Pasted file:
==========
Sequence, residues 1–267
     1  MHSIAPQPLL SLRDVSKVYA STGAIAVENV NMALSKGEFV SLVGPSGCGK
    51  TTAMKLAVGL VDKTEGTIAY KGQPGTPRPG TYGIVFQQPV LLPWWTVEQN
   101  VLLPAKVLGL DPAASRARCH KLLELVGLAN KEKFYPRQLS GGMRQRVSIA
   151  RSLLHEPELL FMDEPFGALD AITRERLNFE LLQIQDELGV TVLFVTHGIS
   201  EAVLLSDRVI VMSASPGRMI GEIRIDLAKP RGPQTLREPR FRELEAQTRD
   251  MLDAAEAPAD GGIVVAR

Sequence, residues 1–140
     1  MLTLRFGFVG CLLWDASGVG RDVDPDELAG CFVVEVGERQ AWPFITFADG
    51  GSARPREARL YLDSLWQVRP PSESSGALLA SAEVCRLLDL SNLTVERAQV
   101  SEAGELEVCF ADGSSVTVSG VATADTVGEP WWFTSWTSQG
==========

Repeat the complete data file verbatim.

Sequence, residues 1–267
     1  MHSIAPQPLL SLRDVSKVYA STGAIAVENV NMALSKGEFV SLVGPSGCGK
    51  TTAMKLAVGL VDKTEGTIAY KGQPGTPRPG TYGIVFQQPV LLPWWTVEQN
   101  VLLPAKVLGL DPAASRARCH KLLELVGLAN KEKFYPRQLS GGMRQRVSIA
   151  RSLLHEPELL FMDEPFGALD AITRERLNFE LLQIQDELGV TVLFVTHGIS
   201  EAVLLSDRVI VMSASPGRMI GEIRIDLAKP RGPQTLREPR FRELEAQTRD
   251  MLDAAEAPAD GGIVVAR

Sequence, residues 1–140
     1  MLTLRFGFVG CLLWDASGVG RDVDPDELAG CFVVEVGERQ AWPFITFADG
    51  GSARPREARL YLDSLWQVRP PSESSGALLA SAEVCRLLDL SNLTVERAQV
   101  SEAGELEVCF ADGSSVTVSG VATADTVGEP WWFTSWTSQG